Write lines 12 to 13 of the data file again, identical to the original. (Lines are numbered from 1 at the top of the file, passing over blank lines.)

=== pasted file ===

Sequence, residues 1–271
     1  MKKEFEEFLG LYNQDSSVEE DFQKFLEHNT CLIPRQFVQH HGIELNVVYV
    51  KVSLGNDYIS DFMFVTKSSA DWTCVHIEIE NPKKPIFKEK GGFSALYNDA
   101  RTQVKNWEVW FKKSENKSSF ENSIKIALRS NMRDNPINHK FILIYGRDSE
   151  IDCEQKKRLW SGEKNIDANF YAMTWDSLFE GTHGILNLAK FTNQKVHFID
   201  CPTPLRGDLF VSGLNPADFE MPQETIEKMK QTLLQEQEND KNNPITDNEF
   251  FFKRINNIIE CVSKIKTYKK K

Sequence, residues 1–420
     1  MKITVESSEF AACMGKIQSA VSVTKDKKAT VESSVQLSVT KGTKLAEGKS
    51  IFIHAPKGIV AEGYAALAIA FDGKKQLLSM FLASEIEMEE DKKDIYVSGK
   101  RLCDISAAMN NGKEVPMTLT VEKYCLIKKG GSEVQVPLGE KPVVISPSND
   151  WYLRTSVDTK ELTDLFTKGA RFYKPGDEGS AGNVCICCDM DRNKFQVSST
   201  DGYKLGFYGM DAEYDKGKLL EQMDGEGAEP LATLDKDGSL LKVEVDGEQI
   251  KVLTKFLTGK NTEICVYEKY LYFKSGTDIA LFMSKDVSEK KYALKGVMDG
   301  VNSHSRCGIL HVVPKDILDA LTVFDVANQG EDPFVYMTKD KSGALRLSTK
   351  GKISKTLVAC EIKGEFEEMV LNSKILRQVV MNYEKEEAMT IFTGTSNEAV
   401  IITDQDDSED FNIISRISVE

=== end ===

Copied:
   151  WYLRTSVDTK ELTDLFTKGA RFYKPGDEGS AGNVCICCDM DRNKFQVSST
   201  DGYKLGFYGM DAEYDKGKLL EQMDGEGAEP LATLDKDGSL LKVEVDGEQI